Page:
How nice it is finally to get back to drawing after travels and the imbroglio of daily life! Life drawing is a passport to sanity for me and makes me feel more centered again. That hush in the room as a dozen or so artists concentrate on drawing is like a benediction; it reminds me that there is this whole union of artists out there all over the place, quietly doing their best to create art in all sorts of versions and visions, all intense and passionate. A nice universe of which to be a part!
Time and time again, I read in the press the comment from an artist that only when he or she is actively involved in art-making is there a sense of coherence, even harmony, in that artist's world. When one is not drawing, painting or whatever the creation involves, then there is a feeling of disquiet, dislocation. It is true in my case.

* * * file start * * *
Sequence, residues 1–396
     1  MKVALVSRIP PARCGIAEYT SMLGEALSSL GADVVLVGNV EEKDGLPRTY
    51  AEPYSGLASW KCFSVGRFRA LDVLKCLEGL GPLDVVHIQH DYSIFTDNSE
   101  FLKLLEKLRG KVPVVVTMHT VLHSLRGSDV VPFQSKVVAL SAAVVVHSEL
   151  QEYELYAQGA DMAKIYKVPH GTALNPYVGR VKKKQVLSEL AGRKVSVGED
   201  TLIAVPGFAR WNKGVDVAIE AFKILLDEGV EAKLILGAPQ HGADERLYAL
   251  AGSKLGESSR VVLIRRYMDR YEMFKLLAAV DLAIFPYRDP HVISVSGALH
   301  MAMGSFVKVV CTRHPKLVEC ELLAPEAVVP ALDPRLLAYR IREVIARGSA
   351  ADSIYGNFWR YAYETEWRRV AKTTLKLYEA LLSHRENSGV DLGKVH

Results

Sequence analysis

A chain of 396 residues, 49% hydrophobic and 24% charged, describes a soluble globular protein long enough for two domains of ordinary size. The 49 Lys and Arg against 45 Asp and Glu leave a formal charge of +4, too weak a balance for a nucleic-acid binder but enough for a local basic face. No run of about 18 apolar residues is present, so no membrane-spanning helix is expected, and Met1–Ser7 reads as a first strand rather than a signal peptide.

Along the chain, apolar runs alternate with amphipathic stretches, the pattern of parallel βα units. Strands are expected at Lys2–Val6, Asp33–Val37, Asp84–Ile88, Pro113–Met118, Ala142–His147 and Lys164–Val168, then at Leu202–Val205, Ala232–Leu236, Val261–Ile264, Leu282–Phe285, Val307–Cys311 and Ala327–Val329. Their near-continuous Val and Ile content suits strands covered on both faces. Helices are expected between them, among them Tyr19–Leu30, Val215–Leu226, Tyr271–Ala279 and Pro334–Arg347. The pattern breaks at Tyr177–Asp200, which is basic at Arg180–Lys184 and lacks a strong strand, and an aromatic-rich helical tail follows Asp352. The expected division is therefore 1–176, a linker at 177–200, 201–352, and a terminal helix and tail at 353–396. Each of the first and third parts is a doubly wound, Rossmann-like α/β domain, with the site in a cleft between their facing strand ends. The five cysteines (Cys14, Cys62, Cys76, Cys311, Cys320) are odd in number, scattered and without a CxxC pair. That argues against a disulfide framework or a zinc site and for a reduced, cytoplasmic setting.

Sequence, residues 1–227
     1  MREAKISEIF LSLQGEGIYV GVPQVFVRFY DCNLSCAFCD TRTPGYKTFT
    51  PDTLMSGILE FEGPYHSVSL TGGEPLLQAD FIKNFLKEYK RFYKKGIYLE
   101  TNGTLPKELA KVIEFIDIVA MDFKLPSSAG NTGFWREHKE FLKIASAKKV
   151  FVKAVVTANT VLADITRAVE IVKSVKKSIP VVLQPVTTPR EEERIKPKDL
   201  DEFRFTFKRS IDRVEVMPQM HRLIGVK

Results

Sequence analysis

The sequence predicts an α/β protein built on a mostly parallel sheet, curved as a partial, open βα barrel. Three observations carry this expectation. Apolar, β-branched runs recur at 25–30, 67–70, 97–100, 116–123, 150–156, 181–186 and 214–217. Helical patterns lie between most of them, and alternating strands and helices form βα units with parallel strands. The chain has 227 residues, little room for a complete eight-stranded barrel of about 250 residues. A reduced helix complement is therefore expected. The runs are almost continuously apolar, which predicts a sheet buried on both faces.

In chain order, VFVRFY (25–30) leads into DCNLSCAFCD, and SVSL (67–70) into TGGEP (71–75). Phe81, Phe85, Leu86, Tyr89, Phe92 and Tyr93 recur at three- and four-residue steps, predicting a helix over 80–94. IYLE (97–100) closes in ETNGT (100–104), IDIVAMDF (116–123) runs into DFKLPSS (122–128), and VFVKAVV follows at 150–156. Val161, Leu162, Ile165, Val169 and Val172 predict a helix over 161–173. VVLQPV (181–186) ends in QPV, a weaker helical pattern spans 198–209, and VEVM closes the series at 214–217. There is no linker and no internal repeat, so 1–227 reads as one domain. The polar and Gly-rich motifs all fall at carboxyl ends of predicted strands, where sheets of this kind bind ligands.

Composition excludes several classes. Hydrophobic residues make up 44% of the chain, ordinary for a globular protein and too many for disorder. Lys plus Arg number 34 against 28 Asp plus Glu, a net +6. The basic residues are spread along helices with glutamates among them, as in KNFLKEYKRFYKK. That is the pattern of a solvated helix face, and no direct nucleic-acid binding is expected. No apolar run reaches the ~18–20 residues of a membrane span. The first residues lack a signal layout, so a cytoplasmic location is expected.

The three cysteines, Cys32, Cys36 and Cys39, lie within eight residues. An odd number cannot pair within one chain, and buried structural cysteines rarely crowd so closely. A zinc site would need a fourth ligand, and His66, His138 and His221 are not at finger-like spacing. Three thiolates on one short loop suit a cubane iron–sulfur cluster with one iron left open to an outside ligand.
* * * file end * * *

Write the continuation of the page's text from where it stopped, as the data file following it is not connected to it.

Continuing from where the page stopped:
As I peer at the intricacy of fingers clasped, or the play of light on muscles on an arm or across a back, time becomes meaningless, for a while. That is a good feeling. It makes me think of the quote I read the other day from Antoni Gaudi, the great Catalan Modernist architect from the later 19th and early 20th century (think of la Sagrada Familia church in Barcelona): "Everything comes from the great book of nature." Life drawing is certainly part of that enormous and endlessly fascinating tome.